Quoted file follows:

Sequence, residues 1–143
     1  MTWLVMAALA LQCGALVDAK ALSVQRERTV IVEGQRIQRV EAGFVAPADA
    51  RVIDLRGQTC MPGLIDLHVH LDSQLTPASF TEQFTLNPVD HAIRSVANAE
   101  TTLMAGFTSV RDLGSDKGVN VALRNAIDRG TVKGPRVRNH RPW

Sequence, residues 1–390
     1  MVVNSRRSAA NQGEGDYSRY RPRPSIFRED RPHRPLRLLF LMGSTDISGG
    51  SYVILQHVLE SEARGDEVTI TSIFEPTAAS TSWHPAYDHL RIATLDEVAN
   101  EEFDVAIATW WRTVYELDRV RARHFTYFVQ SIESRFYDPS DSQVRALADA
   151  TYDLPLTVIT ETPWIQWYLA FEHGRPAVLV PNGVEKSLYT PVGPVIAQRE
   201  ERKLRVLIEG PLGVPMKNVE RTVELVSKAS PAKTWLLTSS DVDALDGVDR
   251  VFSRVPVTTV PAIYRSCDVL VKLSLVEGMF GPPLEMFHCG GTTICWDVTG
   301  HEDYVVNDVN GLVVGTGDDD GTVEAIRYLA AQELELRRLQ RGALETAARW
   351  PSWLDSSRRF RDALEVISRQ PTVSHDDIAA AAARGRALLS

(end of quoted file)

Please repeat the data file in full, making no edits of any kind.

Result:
Sequence, residues 1–143
     1  MTWLVMAALA LQCGALVDAK ALSVQRERTV IVEGQRIQRV EAGFVAPADA
    51  RVIDLRGQTC MPGLIDLHVH LDSQLTPASF TEQFTLNPVD HAIRSVANAE
   101  TTLMAGFTSV RDLGSDKGVN VALRNAIDRG TVKGPRVRNH RPW

Sequence, residues 1–390
     1  MVVNSRRSAA NQGEGDYSRY RPRPSIFRED RPHRPLRLLF LMGSTDISGG
    51  SYVILQHVLE SEARGDEVTI TSIFEPTAAS TSWHPAYDHL RIATLDEVAN
   101  EEFDVAIATW WRTVYELDRV RARHFTYFVQ SIESRFYDPS DSQVRALADA
   151  TYDLPLTVIT ETPWIQWYLA FEHGRPAVLV PNGVEKSLYT PVGPVIAQRE
   201  ERKLRVLIEG PLGVPMKNVE RTVELVSKAS PAKTWLLTSS DVDALDGVDR
   251  VFSRVPVTTV PAIYRSCDVL VKLSLVEGMF GPPLEMFHCG GTTICWDVTG
   301  HEDYVVNDVN GLVVGTGDDD GTVEAIRYLA AQELELRRLQ RGALETAARW
   351  PSWLDSSRRF RDALEVISRQ PTVSHDDIAA AAARGRALLS